When you first see a new image in RESTORE on the 9-up image screen, the current Fix setting is applied to the new image. RESTORE shows the new image with several variations in contrast and brightness that it automatically calculates, based on RESTORE's image analysis and subsequent calculations. The 9-up image screen shows a “starting point,” which is the center image on the 9-up image screen The images surrounding the center image result from the starting point image but have slight variations in brightness and/or contrast. When you select a different Fix setting in the 9-up image screen, the entire analysis process restarts, causing new calculations associated with the change in the Fix setting.
When you select the best rendition by clicking on one of the 9-up images, RESTORE moves to the 2-up image screen. On this screen, you can refine the changes made to the selected image in the 9-up image screen. In the 2-up image screen, if you select a new Fix setting, the refinements you've made are not changed. This means that any refinements you've made are not changed back to the starting value (like they would be in the 9-up image screen) . The refinements stay as you have selected them, while the image gets the basic correction for the selected Fix. The new Fix setting is applied to the image, but refinements made to lightness, contrast, colors and vividness stay as you have previously selected on the 2-up screen.
If you wish to make a change to the selected Fix, and to have RESTORE automatically make the other contrast and density refinements automatically, simply click on “Reset Corrections”. If you click "Reset Corrections," RESTORE will return to the 9-up image screen with the current image, and with a starting refinement resulting from its analysis and calculation, just as if you had initially selected the image. Your refinements on the 9-up image screen will be lost. Using "Reset Corrections" can be a good technique should you become confused about what to do, or if the image is not appearing as you would like. Using "Reset Corrections" is a good way to select a different Fix setting and to see the results, with slight variations that are automatically applied.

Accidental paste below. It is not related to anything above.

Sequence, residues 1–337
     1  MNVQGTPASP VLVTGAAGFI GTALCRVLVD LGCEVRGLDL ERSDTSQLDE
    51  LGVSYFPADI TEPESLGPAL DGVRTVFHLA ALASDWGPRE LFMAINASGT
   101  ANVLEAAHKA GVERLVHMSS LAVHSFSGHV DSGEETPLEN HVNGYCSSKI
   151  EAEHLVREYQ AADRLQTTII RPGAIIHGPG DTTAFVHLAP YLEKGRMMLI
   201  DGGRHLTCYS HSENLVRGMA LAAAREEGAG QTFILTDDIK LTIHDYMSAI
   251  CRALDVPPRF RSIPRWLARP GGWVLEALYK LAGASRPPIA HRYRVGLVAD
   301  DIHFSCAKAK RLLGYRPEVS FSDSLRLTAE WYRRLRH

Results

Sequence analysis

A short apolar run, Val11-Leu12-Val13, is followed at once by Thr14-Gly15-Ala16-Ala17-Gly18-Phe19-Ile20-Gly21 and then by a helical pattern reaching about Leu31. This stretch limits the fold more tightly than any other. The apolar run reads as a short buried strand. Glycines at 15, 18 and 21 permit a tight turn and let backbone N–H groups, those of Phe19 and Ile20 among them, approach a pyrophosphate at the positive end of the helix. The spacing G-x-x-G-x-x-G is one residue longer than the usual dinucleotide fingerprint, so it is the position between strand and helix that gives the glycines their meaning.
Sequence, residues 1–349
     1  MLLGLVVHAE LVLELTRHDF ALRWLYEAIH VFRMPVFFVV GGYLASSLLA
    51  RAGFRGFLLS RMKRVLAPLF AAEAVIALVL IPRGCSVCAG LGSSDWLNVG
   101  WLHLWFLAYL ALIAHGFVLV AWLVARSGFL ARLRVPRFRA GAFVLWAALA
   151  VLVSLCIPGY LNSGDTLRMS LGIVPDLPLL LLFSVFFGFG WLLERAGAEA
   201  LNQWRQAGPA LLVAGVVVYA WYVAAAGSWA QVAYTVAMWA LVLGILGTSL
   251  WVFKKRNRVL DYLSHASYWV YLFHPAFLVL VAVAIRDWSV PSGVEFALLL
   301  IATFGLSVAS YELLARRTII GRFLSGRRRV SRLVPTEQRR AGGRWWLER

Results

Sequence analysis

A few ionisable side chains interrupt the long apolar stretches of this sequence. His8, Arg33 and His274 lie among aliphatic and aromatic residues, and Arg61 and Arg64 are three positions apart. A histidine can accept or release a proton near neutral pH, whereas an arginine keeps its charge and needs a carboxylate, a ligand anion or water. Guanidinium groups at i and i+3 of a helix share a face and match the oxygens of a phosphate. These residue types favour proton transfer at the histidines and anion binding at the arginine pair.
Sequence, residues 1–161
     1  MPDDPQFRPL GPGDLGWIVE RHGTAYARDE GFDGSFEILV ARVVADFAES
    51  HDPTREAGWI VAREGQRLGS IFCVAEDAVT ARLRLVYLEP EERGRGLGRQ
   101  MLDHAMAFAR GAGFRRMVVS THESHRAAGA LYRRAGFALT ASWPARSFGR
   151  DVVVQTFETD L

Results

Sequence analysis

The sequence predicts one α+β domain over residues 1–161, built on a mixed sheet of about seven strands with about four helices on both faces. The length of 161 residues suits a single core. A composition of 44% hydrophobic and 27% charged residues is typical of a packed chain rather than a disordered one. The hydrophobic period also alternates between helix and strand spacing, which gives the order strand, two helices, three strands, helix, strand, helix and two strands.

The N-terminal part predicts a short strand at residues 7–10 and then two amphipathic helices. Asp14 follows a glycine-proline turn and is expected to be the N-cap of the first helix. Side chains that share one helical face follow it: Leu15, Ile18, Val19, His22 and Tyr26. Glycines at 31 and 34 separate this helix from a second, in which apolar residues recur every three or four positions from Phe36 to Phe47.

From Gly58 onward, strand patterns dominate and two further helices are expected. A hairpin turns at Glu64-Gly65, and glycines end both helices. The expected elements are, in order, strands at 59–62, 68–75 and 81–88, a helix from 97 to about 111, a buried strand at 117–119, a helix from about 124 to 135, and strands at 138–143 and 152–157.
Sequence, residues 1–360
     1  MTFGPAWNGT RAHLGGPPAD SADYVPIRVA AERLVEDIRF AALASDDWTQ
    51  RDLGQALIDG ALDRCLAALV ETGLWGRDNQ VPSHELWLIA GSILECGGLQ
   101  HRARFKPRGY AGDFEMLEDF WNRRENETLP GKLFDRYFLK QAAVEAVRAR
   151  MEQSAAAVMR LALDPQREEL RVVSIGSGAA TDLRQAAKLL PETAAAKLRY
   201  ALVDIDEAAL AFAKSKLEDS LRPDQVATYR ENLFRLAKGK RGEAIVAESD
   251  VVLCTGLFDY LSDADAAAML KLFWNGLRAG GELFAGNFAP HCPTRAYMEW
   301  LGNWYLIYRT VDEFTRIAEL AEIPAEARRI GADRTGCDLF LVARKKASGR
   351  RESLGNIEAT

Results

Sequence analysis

THE WORK WINDOW
The size of the work window is fixed. If you need to see the corrections better for a particular part of the image, you can use the following trick as a workaround for not being able to resize the screen. When you work on an image, you can crop to the important portion of the image, make all your corrections, reset crop, and then crop again. If you answer that you wish to reset the crop, the entire image will appear again, but all your corrections will remain as you have set them. Then you can crop to what you want for your final image.
Note that in order to keep processing as fast as possible, we have limited the resolution of the imagery in the work window. So if you crop to a very small portion of the window, the image may appear pixelated. If you are working with a large original, this may actually not be the case...the work window may misrepresent the final image. So if you wish to save a small portion of a large image, note that you should not expect what you see in the work window to be exactly the same as the image that is saved. In most cases, the saved image will be far superior to the lower resolution view in the work window. This is particularly true for small articles cropped from a high resolution scan of a newspaper.
RESTORE provides the ability for you to save settings to be used again and again on different images. You can access this feature at the lower left of the main screen. If you click on the downward pointing triangle to the right of “Setting Name,” a menu of settings will appear. To save the current settings, for example in a situation where you have many similar images, click on “Save Current Settings…” A dialog box will appear, into which you can type a descriptive name for your setting. When you click “OK”, the setting will be saved, and you can apply that exact setting to any image you wish. To go back to using the 9-up screen, scroll up the menu to “Calculated starting settings with 9-image choice.”